Module Eight - Writing an essay
- Writing stages
- Essay structure
- Draft and redraft
- Striking the balance
- Proofread and check
- Test yourself
This module has general advice on how to approach writing an essay.
Essays will help you:
- Develop questioning and critical skills
- Develop skills that allow you to order and evaluate ideas, and formulate questions as you read
- Develop a coherent viewpoint or opinion, which is substantiated or supported through evidence, such as the ideas or research of others
- Learn writing skills in order to express your views with clarity, precision and persuasion
- Read and understand the essay question. Make sure you understand the essay topic and do whatever reading or research is required. Find points or examples that you can use in the essay to illustrate what you are arguing.
- Write the substance of the essay. Put down all your main ideas, including your arguments, your understanding of the theory, examples that match to the theory. You can organise the layout and order of this at a later stage.
- Work on an introduction and conclusion. Once you know what will be in your essay, you can form an introduction and a conclusion.
- Edit your essay. Re-work the body of the essay, making it clear, coherent and logical. Ensure your introduction covers all the main points of the essay, and that your conclusion pulls the essay together.
- Check your referencing. It needs to be correct. It needs to be in APA style.
- Proof read again before submitting your final work. Allow yourself plenty of time to finish your essay and submit it to Turnitin if required by your course.
An essay addresses a question or proposition, and requires a well-argued and careful response. The essay is usually written in a flowing style, from paragraph to paragraph, with few, if any, headings or subheadings.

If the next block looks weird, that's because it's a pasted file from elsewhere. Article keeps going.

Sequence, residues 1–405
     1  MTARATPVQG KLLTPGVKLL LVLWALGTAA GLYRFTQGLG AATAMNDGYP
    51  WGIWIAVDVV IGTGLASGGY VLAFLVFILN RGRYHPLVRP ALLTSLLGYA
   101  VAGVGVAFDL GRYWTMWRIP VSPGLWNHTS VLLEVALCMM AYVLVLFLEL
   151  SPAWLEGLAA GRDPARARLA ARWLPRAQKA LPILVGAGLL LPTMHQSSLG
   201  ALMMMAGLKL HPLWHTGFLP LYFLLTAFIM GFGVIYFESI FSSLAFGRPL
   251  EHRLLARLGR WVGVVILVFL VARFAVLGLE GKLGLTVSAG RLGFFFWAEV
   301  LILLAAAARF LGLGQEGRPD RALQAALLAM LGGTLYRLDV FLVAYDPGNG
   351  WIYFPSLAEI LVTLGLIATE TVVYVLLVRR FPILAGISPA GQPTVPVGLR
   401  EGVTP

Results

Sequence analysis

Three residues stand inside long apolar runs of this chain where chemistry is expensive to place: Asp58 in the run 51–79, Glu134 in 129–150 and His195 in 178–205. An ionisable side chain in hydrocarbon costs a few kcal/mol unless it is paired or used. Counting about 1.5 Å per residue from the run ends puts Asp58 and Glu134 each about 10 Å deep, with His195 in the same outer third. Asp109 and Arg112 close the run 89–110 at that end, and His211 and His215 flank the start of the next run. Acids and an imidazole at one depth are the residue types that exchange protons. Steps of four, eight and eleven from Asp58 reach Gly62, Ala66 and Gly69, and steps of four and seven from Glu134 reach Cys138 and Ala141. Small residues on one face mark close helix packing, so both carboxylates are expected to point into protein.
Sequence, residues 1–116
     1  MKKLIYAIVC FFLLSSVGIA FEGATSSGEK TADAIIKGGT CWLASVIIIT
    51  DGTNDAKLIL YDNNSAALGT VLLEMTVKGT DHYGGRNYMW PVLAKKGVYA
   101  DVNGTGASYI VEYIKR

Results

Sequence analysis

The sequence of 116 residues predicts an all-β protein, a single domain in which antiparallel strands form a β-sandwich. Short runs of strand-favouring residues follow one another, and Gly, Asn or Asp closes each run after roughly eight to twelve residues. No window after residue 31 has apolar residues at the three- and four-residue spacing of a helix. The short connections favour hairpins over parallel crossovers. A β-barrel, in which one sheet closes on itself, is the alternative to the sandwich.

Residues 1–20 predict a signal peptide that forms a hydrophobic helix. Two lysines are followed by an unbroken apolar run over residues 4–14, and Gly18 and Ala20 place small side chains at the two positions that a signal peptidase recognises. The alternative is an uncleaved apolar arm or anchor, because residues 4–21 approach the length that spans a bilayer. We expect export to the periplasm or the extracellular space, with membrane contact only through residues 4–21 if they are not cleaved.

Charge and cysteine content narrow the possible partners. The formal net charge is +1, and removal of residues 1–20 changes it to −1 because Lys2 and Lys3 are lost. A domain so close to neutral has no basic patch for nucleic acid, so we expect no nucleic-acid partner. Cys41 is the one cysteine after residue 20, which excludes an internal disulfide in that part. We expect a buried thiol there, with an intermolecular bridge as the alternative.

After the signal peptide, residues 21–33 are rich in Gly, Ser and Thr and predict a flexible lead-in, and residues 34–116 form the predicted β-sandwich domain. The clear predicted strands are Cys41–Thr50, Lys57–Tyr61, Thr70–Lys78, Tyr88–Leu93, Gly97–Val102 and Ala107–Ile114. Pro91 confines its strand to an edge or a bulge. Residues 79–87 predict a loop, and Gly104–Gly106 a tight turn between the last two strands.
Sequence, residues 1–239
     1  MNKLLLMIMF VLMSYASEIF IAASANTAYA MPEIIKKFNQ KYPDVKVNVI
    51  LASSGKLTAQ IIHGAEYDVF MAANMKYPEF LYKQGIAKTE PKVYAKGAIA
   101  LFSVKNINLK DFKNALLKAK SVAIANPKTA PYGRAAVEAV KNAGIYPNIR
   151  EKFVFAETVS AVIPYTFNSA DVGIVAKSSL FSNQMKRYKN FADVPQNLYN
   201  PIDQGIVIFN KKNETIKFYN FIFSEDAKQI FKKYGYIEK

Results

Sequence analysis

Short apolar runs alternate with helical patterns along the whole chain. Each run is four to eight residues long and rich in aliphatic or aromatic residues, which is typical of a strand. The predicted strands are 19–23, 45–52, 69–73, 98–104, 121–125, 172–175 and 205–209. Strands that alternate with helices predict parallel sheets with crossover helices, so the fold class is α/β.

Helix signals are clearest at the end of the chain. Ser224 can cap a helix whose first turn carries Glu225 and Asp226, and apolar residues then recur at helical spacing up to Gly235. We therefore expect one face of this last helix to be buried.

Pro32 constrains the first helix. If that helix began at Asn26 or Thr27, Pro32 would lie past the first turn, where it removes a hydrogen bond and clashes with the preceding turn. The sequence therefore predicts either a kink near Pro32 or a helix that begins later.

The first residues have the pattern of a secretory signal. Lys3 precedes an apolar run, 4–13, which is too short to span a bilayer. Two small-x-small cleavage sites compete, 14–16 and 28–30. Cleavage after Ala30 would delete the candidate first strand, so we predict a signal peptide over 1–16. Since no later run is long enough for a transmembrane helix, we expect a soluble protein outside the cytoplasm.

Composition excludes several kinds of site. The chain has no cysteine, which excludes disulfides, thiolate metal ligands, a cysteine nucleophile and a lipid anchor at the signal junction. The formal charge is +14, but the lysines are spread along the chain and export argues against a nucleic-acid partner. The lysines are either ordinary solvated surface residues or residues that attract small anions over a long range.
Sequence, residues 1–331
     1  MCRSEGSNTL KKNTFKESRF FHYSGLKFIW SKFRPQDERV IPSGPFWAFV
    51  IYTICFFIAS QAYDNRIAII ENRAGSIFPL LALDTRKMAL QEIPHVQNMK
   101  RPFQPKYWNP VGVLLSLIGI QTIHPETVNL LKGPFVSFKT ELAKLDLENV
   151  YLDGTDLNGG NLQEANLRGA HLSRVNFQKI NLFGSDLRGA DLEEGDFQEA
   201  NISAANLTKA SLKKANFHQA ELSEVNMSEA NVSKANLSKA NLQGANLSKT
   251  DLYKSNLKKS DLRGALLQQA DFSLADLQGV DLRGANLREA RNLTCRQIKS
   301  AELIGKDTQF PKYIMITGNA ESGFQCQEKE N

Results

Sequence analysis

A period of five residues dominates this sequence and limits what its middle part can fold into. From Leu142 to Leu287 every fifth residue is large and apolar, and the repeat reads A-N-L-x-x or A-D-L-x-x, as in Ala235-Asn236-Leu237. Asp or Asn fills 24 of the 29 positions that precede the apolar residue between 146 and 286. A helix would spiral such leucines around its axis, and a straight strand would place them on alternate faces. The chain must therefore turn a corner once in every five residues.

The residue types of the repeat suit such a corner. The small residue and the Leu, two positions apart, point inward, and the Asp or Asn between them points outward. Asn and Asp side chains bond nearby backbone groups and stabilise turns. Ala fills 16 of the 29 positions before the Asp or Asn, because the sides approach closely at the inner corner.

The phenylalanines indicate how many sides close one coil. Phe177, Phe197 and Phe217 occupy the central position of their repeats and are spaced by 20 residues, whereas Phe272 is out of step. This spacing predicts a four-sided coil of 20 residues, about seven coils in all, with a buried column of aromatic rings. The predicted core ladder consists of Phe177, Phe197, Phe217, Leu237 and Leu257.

The structure of the essay
|Introduction||10-15% of word count|
|Body||75-80% of word count|
|Conclusion||5-10% of word count|
|References||Not included in word count|
Draft and redraft
You are ready to write a first draft when you:
In writing the first draft, expand your notes into paragraphs. Get your ideas down on paper rather than at this stage attending to mistakes and sentence construction.
|Tip: What you write at this stage will not necessarily be what the readers see.|
Very few of us can write a flawless first draft!
You should expect to do at least a second draft.
It's good to allow time between drafts for reflection.
The more drafts the better.
Editing involves checking the content of your writing. There are four key areas to think about:
Striking the balance
Use the slider on the see-saw below to view the consequences of the two extremes; what happens when you do not back up any of your ideas with any authoritative sources, and what happens when you use other people's ideas too much.
Proofread and check
Proofreading is the stage of your writing where you are happy with the content and now just need to check for errors. This involves looking at:
Things to look for might include:
Spelling and grammar